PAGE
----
A key opinion leader explores the significance of biomarkers, including PD-L1 CPS score, TMB, MSI, and HER2, in shaping advanced treatment strategies for cervical cancer patients, emphasizing personalized care and clinical trial opportunities.
Ramez N. Eskander, MD: It is incredibly exciting to talk about cervical cancer, specifically biomarkers informing treatment. Not long ago we were not informed to the degree that we are today, and we didn’t understand the particular relevance of biomarkers in informing cervical cancer therapy. So what do I mean by that? Initially, [I mean] our understanding of the relevance of the PD-L1 CPS, or combined positive score. Why is that relevant? Because we know that there is a therapeutic strategy for which there’s a companion diagnostic. I’m alluding to the approval of pembrolizumab based on the KEYNOTE-158 trial that gave us the opportunity for immune checkpoint inhibition in cervical cancer based on the biomarker of the PD-L1 CPS score.
So, in clinical practice for us, we get a PD-L1 CPS score institutionally in-house. That’s a 22C3 IHC [immunohistochemistry] companion diagnostic that we have available for cervical cancer patients and we know whether they would be a candidate. Now, whether you do that on the initial biopsy or whether you wait until the patient has a recurrence to do that, [is] a bit variable based on practice, institution, and practice setting. But I am of the mindset of understanding the biology of the tumor. We’ll talk about various biomarkers [that help] inform our treatment opportunity and strategy.
What other biomarkers are relevant in cervical cancer? Although uncommon, you may have cervical cancers that are tumor mutational burden high and/or MSI [microsatellite instability] high. And those cervical cancers that are TMB high or MSI high may also allow for a patient to respond to immunotherapy based on disease site, agnostic drug approvals of immune checkpoint inhibition in TMB high or MSI high solid malignancies. So again, a therapeutic treatment paradigm that will improve outcomes for our patients. In the cervical cancer space, we’re also looking at HER2. We understand that the frequency of HER2 aberrations is not high. But we’ve also seen data that suggest a response to anti-HER2 directed therapies in the cervical cancer patient population, most recently the DESTINY-PanTumor-02 abstract that was presented at ASCO [American Society of Clinical Oncology Annual Meeting] in 2023 [that] really highlighted the therapeutic benefit of trastuzumab deruxtecan. It’s an antibody-drug conjugate with a target of HER2 in IHC 2+ plus or 3+. We’re not going from an in situ hybridization-based assay, but rather IHC 2+ or 3+ showing a provocative signal in those patients with trastuzumab deruxtecan.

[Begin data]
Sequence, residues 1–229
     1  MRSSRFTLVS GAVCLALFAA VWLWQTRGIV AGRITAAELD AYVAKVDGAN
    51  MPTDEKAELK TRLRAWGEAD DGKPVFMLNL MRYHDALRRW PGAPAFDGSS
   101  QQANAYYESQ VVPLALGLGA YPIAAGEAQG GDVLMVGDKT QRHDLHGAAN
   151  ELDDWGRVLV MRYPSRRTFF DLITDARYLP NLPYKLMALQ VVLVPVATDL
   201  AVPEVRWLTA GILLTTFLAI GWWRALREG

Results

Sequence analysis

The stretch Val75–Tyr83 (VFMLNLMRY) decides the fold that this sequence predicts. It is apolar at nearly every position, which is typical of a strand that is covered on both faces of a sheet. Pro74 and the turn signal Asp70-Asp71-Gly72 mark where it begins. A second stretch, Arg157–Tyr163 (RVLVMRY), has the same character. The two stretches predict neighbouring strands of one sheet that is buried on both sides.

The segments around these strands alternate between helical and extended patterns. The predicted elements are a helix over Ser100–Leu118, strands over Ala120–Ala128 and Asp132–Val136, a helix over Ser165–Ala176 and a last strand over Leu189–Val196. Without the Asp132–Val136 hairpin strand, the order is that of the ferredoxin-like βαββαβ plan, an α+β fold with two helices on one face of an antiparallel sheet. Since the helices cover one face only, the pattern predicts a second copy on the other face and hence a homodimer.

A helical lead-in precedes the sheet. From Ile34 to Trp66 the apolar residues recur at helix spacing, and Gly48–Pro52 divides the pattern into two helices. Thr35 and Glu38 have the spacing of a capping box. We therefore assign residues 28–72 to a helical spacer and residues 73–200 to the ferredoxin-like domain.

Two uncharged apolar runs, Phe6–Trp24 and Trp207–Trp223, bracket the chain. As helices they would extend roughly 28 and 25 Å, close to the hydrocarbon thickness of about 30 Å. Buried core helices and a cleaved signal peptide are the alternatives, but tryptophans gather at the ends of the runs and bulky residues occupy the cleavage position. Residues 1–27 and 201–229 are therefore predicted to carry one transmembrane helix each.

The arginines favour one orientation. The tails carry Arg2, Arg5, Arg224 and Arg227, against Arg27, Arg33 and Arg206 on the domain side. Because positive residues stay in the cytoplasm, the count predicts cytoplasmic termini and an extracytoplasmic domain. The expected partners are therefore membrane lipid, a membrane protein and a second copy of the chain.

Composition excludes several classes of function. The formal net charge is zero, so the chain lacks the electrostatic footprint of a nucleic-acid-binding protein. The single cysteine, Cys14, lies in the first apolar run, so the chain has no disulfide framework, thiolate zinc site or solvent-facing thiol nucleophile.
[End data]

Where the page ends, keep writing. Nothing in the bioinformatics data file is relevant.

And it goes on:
As a therapeutic strategy for our patients who may not have [other] treatment options, IHC may be informative to guide use of such an agent to try to elicit benefit. And of course, if there is a clinical trial for which a patient would be eligible based on biomarker testing, that’s relevant and important for us to explore and discover so that patients can be offered treatment on trial if they’re not responding to standard of care therapies. That is a problem that we face with patients who have recurrent disease progressing on prior treatment.
For us, we do in-house, as I mentioned, PD-L1 CPS. But in the same breath, we also send tumors out for comprehensive molecular testing. And that’s done with commercial labs. There are many different commercial labs that can be used in order to inform molecular alterations or aberrations that may help guide treatment…. And whether that’s done again at diagnosis or at recurrence can vary, and it depends on the stage. If I have a patient who presents with metastatic disease at diagnosis, I will almost always perform comprehensive molecular testing because [those] data [are] incredibly informative for me. If I have a patient who has very early-stage disease amenable to surgical resection with a high cure rate, we may not [do the testing] at that point in time and wait in the event that the patient has a recurrence. And whether or not a patient is getting treated with chemoradiation for locally advanced disease, again, this is a more individualized decision, but I am of the mindset of having [those] data early on to help inform my patient’s counseling and management if they develop a recurrence, if beneficial.
Transcript is AI generated and edited for readability.